The art of compromiseIntroduction
In our daily walk with Christ, our desire is to at least live a life which fulfills the basic requirements of the moral law. As we live by the Spirit we find ourselves doing that, albeit imperfectly. And when we fail "he is faithful and just and will forgive us our sins." When it comes to the ethical ideals of the Bible, these we can only press at, but rarely reach. When our imperfection stands before the perfection of Christ we must learn to accept compromise.
We need to consider the issue of compromise, how it is a daily friend in our service to Christ.
A world of shadows rather than substance;
Ideals are "other" than this age;
Ideals are incompatible with this age.
The Christian life is lived in tension. We follow Christ, one foot in heaven and one foot on earth. This tension limits our discipleship. We must honestly understand and accept these limitations otherwise we will set before ourselves and others expectations impossible to keep.
It is crucial for us to understand that perfect morality will never be perfectly done. Every day in our Christian journey we will all of us slip and fall. We then rest on the truth that "if any one sins, we have an advocate with the Father, Jesus Christ the righteous, and he is the perfect offering for our sins", 1John.2:1-2.
Yet more particularly, it is the ideals of the Kingdom that can only ever be partially realised in our present age. The imperfection of the present moment sees to that. Thus for the present we, with "creation, wait in eager expectation for the sons of God to be revealed" and to "groan" with a creation "subjected to frustration." That frustration is experienced in two particular ways, in that ethical ideals are "other" than this world and that they are incompatible with it.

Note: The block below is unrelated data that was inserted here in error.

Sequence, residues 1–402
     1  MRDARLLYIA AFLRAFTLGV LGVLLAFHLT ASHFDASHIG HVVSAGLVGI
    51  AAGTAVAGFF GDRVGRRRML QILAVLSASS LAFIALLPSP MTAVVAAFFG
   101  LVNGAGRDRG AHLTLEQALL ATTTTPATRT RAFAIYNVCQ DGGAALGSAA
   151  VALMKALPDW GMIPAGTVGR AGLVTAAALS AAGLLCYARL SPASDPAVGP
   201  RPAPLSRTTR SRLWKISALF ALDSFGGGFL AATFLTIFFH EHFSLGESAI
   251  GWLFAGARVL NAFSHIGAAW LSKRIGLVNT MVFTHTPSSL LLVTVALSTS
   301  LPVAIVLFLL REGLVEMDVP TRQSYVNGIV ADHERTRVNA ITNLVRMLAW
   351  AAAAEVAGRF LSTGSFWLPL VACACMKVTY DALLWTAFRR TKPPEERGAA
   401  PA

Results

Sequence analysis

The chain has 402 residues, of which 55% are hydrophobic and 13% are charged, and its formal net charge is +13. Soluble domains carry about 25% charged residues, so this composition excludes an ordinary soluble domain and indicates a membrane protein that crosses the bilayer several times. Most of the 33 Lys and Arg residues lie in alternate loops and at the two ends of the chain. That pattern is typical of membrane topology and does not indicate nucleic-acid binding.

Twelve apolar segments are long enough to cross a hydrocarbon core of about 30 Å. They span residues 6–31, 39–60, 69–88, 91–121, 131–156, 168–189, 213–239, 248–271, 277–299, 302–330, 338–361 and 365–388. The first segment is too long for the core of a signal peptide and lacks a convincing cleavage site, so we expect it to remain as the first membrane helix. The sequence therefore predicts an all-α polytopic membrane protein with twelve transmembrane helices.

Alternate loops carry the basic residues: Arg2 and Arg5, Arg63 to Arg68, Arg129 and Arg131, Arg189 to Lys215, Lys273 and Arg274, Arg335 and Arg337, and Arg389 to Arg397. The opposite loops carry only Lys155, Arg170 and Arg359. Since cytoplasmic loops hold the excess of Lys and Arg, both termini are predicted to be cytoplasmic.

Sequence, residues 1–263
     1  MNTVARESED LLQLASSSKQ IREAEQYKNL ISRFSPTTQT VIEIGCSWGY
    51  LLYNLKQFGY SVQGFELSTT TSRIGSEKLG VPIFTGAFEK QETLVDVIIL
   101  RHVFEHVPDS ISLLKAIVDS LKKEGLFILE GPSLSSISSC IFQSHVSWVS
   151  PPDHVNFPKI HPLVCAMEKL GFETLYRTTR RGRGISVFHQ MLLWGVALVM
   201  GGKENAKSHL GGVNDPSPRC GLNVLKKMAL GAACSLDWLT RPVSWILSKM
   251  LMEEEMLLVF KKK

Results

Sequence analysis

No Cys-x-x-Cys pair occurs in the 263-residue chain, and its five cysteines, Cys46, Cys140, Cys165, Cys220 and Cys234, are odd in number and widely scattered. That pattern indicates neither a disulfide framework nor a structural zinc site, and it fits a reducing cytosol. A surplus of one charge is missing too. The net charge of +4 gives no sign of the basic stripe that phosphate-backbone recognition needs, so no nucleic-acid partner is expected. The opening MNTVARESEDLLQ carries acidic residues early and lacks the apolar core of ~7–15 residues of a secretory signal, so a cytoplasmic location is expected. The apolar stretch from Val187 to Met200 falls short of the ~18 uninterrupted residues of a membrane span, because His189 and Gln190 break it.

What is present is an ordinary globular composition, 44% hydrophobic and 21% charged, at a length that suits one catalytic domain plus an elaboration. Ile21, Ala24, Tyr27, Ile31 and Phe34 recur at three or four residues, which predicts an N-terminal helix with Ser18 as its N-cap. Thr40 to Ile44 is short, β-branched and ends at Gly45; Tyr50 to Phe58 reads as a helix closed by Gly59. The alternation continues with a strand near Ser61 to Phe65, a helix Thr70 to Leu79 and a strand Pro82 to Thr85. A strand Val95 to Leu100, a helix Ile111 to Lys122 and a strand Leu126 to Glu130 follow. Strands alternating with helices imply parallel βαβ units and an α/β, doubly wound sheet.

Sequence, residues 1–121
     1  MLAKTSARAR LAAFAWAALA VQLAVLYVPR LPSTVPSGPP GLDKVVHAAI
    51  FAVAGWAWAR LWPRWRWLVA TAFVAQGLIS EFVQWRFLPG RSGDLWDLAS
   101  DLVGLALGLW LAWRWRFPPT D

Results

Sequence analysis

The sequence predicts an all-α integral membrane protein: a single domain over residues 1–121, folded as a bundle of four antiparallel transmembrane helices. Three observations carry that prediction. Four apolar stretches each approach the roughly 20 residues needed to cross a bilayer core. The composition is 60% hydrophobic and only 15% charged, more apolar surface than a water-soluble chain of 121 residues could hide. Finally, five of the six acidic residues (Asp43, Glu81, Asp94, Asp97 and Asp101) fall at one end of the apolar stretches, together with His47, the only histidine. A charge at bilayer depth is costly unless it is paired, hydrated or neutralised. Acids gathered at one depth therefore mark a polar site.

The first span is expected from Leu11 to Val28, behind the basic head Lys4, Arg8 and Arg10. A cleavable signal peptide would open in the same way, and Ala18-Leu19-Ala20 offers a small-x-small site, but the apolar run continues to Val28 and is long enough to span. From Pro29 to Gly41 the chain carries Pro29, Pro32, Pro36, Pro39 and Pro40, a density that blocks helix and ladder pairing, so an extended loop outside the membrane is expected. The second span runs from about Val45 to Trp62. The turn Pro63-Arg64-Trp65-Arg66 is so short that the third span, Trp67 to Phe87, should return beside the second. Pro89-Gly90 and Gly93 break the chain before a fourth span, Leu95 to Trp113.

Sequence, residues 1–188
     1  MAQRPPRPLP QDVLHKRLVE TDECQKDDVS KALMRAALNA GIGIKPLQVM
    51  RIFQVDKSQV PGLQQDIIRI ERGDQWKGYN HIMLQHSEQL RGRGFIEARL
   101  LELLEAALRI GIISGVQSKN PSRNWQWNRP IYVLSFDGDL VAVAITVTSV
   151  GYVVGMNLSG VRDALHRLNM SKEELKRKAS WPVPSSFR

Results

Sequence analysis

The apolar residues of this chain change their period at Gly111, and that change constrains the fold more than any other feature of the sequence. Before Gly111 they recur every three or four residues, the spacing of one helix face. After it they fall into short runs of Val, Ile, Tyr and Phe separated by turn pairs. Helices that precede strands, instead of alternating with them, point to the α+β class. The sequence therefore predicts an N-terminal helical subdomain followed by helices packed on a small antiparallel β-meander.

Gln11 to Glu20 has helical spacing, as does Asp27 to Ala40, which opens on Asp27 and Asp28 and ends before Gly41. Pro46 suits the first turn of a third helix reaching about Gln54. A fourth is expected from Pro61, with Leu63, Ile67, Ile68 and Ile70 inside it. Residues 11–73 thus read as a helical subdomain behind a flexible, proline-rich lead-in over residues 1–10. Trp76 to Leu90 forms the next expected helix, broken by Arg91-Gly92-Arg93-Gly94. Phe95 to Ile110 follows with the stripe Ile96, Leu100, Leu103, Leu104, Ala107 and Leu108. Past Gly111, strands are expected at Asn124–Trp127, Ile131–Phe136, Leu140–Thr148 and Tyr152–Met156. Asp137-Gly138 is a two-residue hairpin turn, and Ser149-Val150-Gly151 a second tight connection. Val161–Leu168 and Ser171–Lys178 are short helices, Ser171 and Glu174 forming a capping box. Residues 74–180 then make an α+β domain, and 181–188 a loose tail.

First, the otherness of ideals:
The love of the brotherhood is an ideal we are expected to move toward. Yet it is the otherness of this ideal which limits our ability to achieve it. We are created of the dust - flesh and blood. We image the created order. Or more rightly, the created order images us. Flowing through all living things is a drive to define territory and protect the nest. In the animal kingdom the male is genetically driven to aggressively secure a territorial food source and the female to aggressively protect the nest. Humans are similarly driven. For a male not to be angry and for a female not to be jealous, is for them not to be human.
The move from natural feelings to being "angry with his brother", is very subtle indeed. In fact, on most occasions, the move takes place before we are ever aware of it. Only after the imagination has done its work do we feel a need to contain and limit its excesses. The Spirit will ultimately renew our mind, and to this work we bend our will, yet our nature also does its thing. We all get angry. We all hate a brother or sister at some time or other.
Second, the incompatibility of ideals with the present order of things:
In simple terms the limitations of our present existence affect the actual application of the ideals of the Kingdom. What happens is that the ideals don't work here. We have seen how we experience the limitations of the present in that we can't reach (fully) the ideals of the Kingdom. We must also accept that the ideals of the Kingdom can't reach us (fully). They just don't work here.
Imagine trying to apply "Give to the one who asks you, and do not turn away from the one who wants to borrow from you", or "Do not resist an evil person". How any Christian could claim to live by the Sermon on the Mount is a mystery indeed. We all invite our friends to our Bar-B-Q's, Luke.14:12-14.
The incompatibility of Kingdom principles with the imperfection of the present moment is clearly illustrated in the life of Jesus himself:
i] The young Jesus must be in his "Father's house", but must also be "obedient" to his father and mother - an impossible dilemma, Luke.2:49-52.
ii] In dealing with his unbelieving family, he is not able to be totally frank with them, 7:1-13.